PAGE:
Cities are not the future
One of the big trends of the last 10 years was the rise of cities — knowledge workers especially relocated to urban centers, and the sharing of ideas that came from that made cities much richer than they were before. It’s become conventional wisdom that the future contains more of the same. However, I’ve started to think this trend may have run it’s course, and may even be reversing.
Cities are not sustainable
With the rise of cities came huge issues related to skyrocketing rent and gentrification. I won’t repeat the discussion here since it’s been made elsewhere countless times. What’s changed is it seems to me now that the political issue of getting homeowners to agree to more housing seems basically intractable.
The advantages of cities are not that great
It’s true that knowledge workers need to live near each other to collaborate and work together. But do they need to be in the same neighborhood, or the same metro area? If we put a limit on commutes at 40 mins per day, that still means people who work directly with each other can live up to 20 miles away from each other.
The other purported advantages of cities are cultural. Cool people, like artists and bands, live in cities, which makes it fun for young people to live there. However, given how high rents have become, this is no longer true. Where I live, in London, the creative people have moved to towns like Brighton and Manchester (or even Berlin), and in San Francisco, the creative people live in dangerous warehouses in Oakland.
The other advantages of living in a city are social, such as nightclubs or restaurants. However, as time-poor young professionals choose Tinder, nightclubs are closing. And internet food delivery services & Amazon are making nice food available over a larger radius. The same applies to niche retail — most of the time, you can buy what you want online.
The disadvantages of cities are great
The biggest disadvantage of cities over suburbs is living space. Nobody can argue having roommates way into your late 20s is the optimal arrangement. High rents make it a necessity to have a high paying job, rather than a choice, and make landlord disputes more onerous. These things probably affect quality of life much more than cupcake stores.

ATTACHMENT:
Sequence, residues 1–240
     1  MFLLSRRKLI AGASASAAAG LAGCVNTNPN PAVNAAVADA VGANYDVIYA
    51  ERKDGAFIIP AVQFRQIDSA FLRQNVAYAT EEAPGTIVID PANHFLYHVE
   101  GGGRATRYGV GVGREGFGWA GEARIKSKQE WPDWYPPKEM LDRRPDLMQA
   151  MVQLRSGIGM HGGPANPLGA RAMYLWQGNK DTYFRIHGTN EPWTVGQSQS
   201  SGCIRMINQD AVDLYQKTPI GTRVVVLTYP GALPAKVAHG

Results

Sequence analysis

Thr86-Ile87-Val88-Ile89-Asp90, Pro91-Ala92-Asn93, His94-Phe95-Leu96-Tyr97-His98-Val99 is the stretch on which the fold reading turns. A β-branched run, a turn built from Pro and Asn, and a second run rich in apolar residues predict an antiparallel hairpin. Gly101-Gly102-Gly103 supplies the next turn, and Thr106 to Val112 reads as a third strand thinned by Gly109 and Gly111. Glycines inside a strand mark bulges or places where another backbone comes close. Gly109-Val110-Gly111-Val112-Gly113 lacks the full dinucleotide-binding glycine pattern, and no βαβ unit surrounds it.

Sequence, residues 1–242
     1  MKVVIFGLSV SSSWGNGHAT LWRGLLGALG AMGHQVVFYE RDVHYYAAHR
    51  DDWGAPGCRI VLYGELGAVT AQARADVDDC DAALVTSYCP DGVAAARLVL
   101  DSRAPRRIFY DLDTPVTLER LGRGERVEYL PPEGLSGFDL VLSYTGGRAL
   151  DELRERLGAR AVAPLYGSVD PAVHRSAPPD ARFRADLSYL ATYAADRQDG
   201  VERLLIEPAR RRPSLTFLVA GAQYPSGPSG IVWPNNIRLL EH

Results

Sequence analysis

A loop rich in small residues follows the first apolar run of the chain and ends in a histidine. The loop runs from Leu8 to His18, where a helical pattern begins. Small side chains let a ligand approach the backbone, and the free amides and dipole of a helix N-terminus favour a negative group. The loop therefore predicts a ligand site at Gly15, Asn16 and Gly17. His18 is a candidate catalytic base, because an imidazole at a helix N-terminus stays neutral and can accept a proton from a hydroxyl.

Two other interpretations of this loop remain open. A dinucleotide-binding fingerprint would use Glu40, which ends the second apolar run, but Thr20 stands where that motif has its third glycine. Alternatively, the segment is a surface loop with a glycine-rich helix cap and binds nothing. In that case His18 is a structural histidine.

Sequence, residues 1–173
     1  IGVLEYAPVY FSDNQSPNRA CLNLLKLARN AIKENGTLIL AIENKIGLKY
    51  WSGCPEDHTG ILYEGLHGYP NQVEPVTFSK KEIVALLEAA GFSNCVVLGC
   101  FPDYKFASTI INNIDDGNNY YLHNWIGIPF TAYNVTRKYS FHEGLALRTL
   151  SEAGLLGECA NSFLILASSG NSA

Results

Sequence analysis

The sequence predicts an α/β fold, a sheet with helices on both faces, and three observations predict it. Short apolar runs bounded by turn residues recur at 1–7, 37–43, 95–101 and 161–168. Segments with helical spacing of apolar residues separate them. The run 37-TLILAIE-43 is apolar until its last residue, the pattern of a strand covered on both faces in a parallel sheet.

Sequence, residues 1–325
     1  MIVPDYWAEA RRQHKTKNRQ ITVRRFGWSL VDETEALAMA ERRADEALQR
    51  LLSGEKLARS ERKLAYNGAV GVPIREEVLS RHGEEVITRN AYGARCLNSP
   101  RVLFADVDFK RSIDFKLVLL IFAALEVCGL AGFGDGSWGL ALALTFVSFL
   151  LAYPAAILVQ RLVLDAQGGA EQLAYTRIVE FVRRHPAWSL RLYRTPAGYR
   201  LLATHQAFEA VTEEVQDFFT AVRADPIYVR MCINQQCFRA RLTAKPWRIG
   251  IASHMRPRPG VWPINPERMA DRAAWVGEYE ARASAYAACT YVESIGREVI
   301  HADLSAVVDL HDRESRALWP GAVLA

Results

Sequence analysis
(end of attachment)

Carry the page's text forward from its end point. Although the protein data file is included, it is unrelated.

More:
Another disadvantage is poor neighborhoods in cities are worse than the equivalent in the suburbs. As well as being more at risk of gentrification, it also seems like a more depressing environment to live in. I say this because on my commute in east London, I pass this neighborhood that’s full of ugly brutalist tower block apartments and has a lot of low-level crime. The quality of life seems quite a bit worse than a suburban experience would be at the same cost.
When the creative people move out of a city due to high rents, all that is left are aging landowners, overstretched professionals, and urban slums. It’s no longer a pleasant place to live. Suburbs look a lot better than cities, and given the powerful psychological effect of nature, it’s worth taking that seriously.
You can get the important things about a city within a suburb
Many California suburbs already build specific “downtown” environments as a designated space for shops, restaurants, etc. There’s no reason why these should be sterile strip malls — downtown Oakland and Berkeley are interesting, vibrant places that follow a suburban development model. The entire city of Los Angeles is one big suburb, and plenty of weird stuff happens there.
I suspect the complaint people will have is that without cities there is no “serendipity”. I don’t think this is true. People run into each other by accident in LA all the time. You can definitely have serendipity within your own neighborhood & within the public spaces that you do frequent, though perhaps less in the suburban mega-region.
Another complaint about suburbs is a lack of “public space”. This is true — but I think a bigger issue is that in cities too much of your space is public. You have to share your home, your office building, your restaurant. Every daily decision requires compromise with hundreds of strangers. You might complain that a lack of public space makes fashion irrelevant — but again, the example of Los Angeles shows this is not true.
The cost of transportation is falling
The good news is that is becoming ever easier to live in a suburb whilst still enjoying most of the advantages of city life. Transport, thanks to services like Uber and soon autonomous cars, is getting cheaper and faster, which means metro areas can get much bigger than they are now. Co-workers might be able to live 100 miles away from each other without it being inconvenient.
The vast improvements in logistics in the last few years mean you don’t need to live in an urban center for 24/7 convenience. The environmental impact of suburbs may soon not be as worrisome as it used to be, thanks to the rise of electric cars.
I, for one, have had it with living in the city. Sure, it was fun to live above a gay bar for a while, but all the chaos and constant interaction with other people stresses me out, and maybe this makes me a square but — I’m ready for that manicured lawn.